Haifaa Al-Mansour hopes to empower young women with her latest film ‘Mary Shelley’

Saudi film maker Haifaa Al-Mansour. (Photo: Brigitte Lacombe)
Updated 01 July 2018

Haifaa Al-Mansour hopes to empower young women with her latest film ‘Mary Shelley’

  • Given the limitations of the Saudi film industry five years ago, it was inevitable that, after “Wadjda,” Al-Mansour would take her talents outside of the Kingdom in order to continue telling stories to the world.

Before Saudi Arabia ended its 35-year ban on cinemas, before it began the construction of its own full-fledged movie industry, Saudi Arabian film was still making headlines and garnering praise across the world through the work of Haifaa Al-Mansour. With her 2005 documentary “Women Without Shadows,” and her groundbreaking 2012 film “Wadjda” — the first movie to be shot entirely in the Kingdom — Al-Mansour brought Saudi Arabia’s culture and issues to the global stage with poetry and fervor.

Given the limitations of the Saudi film industry five years ago, it was inevitable that, after “Wadjda,” Al-Mansour would take her talents outside of the Kingdom in order to continue telling stories to the world. This month saw the release of “Mary Shelley,” in which Al-Mansour has brought to the screen the life of another brilliant woman who helped progress the society around her, the woman who wrote the seminal novel “Frankenstein,” which she published anonymously at only 20 years old.

“If I were able to make films in Saudi, I might have stayed, but I think also for me I wanted to grow as a filmmaker: To explore bigger markets, and bigger storytelling. That is why I tried to make an English-language film,” Al-Mansour told Arab News. “As an artist, I grow. I have a bigger audience and reach more people. I love to be a part of that.”

Al-Mansour and Shelley have more in common than it may seem. Shelley was famously married to poet Percy Shelley, with whom she travelled to Lake Geneva, where the story of Frankenstein was born. Al-Mansour is the daughter of poet Abudl Rahman Mansour, who introduced her to the magic of cinema at a young age.

“No matter where you set your film, you always have to connect with the characters. It’s very important for me as a filmmaker to have something in common with the characters that I create on screen. If I don’t, I can’t really portray them or portray their struggles, happiness, or whatever else they go through.,” Mansour said.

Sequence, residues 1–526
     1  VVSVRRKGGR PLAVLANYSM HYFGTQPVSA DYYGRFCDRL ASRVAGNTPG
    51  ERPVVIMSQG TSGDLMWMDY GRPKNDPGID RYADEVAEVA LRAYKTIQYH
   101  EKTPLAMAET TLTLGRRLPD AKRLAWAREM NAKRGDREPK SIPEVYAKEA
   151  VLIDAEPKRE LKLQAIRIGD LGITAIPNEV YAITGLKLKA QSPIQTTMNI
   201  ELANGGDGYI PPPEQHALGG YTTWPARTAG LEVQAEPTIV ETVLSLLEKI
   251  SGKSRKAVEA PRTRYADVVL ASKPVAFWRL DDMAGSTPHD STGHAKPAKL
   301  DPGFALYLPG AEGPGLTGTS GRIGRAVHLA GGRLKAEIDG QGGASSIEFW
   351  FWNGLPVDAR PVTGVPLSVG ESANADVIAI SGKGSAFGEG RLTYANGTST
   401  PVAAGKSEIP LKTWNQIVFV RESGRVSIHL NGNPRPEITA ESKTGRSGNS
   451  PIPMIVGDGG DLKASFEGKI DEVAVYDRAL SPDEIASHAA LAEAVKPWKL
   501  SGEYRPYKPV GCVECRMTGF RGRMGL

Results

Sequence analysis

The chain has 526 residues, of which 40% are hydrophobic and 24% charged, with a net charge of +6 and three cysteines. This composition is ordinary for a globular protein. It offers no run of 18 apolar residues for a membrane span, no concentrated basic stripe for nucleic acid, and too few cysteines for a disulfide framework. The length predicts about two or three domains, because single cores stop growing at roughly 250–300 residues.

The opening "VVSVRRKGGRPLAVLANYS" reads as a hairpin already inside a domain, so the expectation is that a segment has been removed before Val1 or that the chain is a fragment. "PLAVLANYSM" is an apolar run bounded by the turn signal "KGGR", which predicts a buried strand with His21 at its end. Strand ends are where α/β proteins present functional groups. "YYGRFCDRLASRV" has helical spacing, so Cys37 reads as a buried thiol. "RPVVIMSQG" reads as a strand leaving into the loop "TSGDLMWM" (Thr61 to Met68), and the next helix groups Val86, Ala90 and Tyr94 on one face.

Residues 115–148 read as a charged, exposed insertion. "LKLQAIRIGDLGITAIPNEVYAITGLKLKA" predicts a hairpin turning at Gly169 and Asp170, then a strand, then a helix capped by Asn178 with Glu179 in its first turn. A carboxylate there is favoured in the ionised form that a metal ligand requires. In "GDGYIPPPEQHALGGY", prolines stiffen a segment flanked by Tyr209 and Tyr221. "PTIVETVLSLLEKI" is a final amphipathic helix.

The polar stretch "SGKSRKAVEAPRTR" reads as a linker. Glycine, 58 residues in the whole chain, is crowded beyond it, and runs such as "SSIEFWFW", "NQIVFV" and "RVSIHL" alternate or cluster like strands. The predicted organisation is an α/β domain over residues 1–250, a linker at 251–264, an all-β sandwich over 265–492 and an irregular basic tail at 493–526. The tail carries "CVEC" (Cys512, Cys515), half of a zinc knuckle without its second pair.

“In the beginning, telling the story of Mary Shelley, an English woman, was maybe not easy, but I connected with her journey — trying to find her voice, and trying to have her book published — I felt that story represents me. The character, the struggle, represents me. That is what I discovered. It doesn’t matter where the film is set. If you can unlock the characters, and connect with them, you can make it anywhere in the world,” she continued

American actress Elle Fanning, who plays the lead role in “Mary Shelley,” was impressed with Al-Mansour’s handling of the material.

“In a way she just knows what it feels like to be a young girl, to grow up and go through the hardships that women have,” Fanning told Arab News. “A lot of strong women have lived with this script; it’s very powerful and you can feel that on set which I think is crucial and important in telling Mary’s story.”

Al-Mansour admitted she did not expect to be asked to direct an English-language period drama as her first film after “Wadjda” (“The producers sent it to my agent and I was very surprised,” she said. “It’s a period piece! Set in England!”), but the story of Mary Shelley was one that she was familiar with from when she was at college.

“I was a literature major, so I read “Frankenstein,” and I read about Mary Shelley,” she said. “I did a paper on women authors and she was one of them, but I had forgotten about that. I was just a kid writing for college. But when they sent me the script, it was very interesting. I started reading about her, and reading about her life, and I felt it was a story that needs to be told.”

Al-Mansour believes films such as “Mary Shelley” need to exist so that young women can see the effect that they can have on the world, through the example of pioneering women from history.

“It is a legacy. You leave a legacy for women. We need to understand that we are not coming out of nowhere. We have made advancements in science and literature. It’s important to build on those advancements. That is what empowers women to move forward — to see other women doing stuff,” said Al-Mansour.

The filmmaker believes that now is a great time for female directors, pointing out that it is not only Saudi Arabia that is changing — Hollywood, too, is finally embracing the idea of women helming the biggest movie projects.

“I think ‘Wonder Woman’ is amazing,” Al-Mansour said. “It not only conquered the box office, but it has a female star and a female director (Patty Jenkins). I always feel that studios are reluctant to give a $100 million budget for a female star and a woman director. ‘Wonder Woman,’ in a way, succeeded in opening the door for other female filmmakers. Niki Caro is doing “Mulan” for Disney, which is amazing. She’s one of the few female filmmakers doing films above $100 million. That’s never happened before. It’s an exciting time for women.”

Why Bollywood can’t get enough of fashion from the Arab world

No major red-carpet event in India is complete without at least a couple of leading ladies wearing a gown from an Arab designer. (AFP)
Updated 43 min 56 sec ago

Why Bollywood can’t get enough of fashion from the Arab world

  • When Indian cinema’s leading ladies need to slay on the red carpet, they are increasingly turning to Middle East designers.